It feels great to wrap up in a big, fluffy towel after a steamy shower, but it's frustrating when that towel isn't quite up to the job. Over time, towels lose their ability to hold water and dry as needed thanks to daily use and the biggest culprit—laundry detergent.
Think about it: unless you are a pretty vigorous towel-drier, we don't beat our towels up as much as we think. Instead, according to Becky from The Mamas Girls, detergent buildup over countless cycles in the washing machine is what robs towels of their absorbency.
Though a bottle of laundry detergent offers helpful suggestions on how much soap should be used with each washing machine load, that recommendation encourages you to use more than necessary.
Over time, these oversized doses of laundry detergent and fabric softener build up on the towels' fabric, and they begin to lose their absorbency, their fibers too weighed down with soap. It can even make your towels less able to dry thoroughly once they've been washed.
Whether you want to preserve the fluffiness of brand new towels or desperately need to reinvigorate old ones, the following hack will leave them both soft and more absorbent.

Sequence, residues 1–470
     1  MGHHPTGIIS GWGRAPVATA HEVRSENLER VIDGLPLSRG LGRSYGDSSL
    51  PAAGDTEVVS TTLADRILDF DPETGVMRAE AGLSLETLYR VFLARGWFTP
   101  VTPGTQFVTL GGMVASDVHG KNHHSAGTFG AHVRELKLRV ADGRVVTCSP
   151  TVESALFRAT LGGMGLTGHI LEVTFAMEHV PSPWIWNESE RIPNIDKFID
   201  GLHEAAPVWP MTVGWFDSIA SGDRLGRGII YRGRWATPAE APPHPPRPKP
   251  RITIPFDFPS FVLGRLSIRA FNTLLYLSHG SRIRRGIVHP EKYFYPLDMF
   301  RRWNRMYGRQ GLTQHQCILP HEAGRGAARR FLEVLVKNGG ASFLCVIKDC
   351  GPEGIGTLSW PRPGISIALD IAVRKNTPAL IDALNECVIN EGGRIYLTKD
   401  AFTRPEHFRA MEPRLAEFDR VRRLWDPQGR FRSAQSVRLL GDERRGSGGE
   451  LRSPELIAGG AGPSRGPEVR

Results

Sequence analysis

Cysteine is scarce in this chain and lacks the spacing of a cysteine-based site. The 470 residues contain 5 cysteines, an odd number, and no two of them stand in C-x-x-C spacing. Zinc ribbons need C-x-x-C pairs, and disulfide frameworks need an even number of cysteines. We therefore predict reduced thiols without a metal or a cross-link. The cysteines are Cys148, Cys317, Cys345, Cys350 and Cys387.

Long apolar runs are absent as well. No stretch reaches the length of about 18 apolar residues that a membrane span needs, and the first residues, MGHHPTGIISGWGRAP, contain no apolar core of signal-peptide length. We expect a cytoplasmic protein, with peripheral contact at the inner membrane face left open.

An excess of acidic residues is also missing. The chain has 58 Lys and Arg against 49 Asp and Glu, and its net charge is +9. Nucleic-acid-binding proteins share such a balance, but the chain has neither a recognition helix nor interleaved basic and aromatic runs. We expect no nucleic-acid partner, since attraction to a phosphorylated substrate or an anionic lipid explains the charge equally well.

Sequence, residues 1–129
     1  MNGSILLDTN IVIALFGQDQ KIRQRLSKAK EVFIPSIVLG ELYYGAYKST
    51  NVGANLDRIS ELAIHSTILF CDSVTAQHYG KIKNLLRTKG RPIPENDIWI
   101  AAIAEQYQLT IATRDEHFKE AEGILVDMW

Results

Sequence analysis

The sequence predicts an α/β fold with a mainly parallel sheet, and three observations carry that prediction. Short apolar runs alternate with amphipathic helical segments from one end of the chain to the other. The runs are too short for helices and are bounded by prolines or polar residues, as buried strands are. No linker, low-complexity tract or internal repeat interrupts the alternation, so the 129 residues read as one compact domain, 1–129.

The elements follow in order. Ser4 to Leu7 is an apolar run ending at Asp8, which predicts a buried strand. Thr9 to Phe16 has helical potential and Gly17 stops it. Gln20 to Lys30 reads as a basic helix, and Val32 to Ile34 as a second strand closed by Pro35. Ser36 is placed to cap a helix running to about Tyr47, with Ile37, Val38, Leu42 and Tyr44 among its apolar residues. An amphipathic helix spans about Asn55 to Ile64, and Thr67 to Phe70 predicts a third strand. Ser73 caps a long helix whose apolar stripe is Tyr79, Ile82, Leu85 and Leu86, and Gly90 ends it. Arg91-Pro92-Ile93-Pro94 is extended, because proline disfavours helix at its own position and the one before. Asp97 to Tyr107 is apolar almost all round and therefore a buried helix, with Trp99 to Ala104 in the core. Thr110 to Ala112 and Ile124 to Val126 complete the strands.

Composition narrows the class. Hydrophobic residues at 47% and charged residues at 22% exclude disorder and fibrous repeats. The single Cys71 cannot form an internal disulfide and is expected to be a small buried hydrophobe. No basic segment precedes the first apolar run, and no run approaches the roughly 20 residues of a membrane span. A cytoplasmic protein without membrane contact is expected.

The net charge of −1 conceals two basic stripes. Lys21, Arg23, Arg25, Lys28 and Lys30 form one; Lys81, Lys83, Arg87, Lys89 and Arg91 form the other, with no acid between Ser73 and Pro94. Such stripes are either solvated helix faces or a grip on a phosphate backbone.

Becky recommends washing a load of towels on your machine's hottest setting. Depending on your washer, you can first let the tub fill with water, or simply toss your towels in if that's not an option. Then add one cup of white vinegar either directly into the water-filled washer or in the detergent tray of your machine.
If you own a washer that allows you to interrupt its cycle, add half a cup of baking soda during its rinse. If your machine features a locking door, you can add the baking soda where you would pour fabric softener and let the washer do its work without intervention.
The vinegar helps dissolve any soap buildup, remove odors, and soften the material, while baking soda helps scrub the remaining bits of gunk away and also softens the material. Once the cycle is complete, your towels will be fluffed and renewed—after a spin in the dryer, of course.
This is a hack you can use again and again whenever your towels—or even your clothes—need a bit of a refresh. If they begin to smell funky, or start to lose absorbency, try another round of vinegar and baking soda to get them free of buildup once again.
Becky also notes that this method is good for brand new towels. Though you might assume that ones straight off the shelf are free of any detergent, she points out that when manufactured, towels are actually treated with a fabric softener to make them feel extra fluffy in the store. So, when your towels arrive home, they're ready to repel water rather than absorb.
Enjoy your fresh, fluffed, and absorbent towels!
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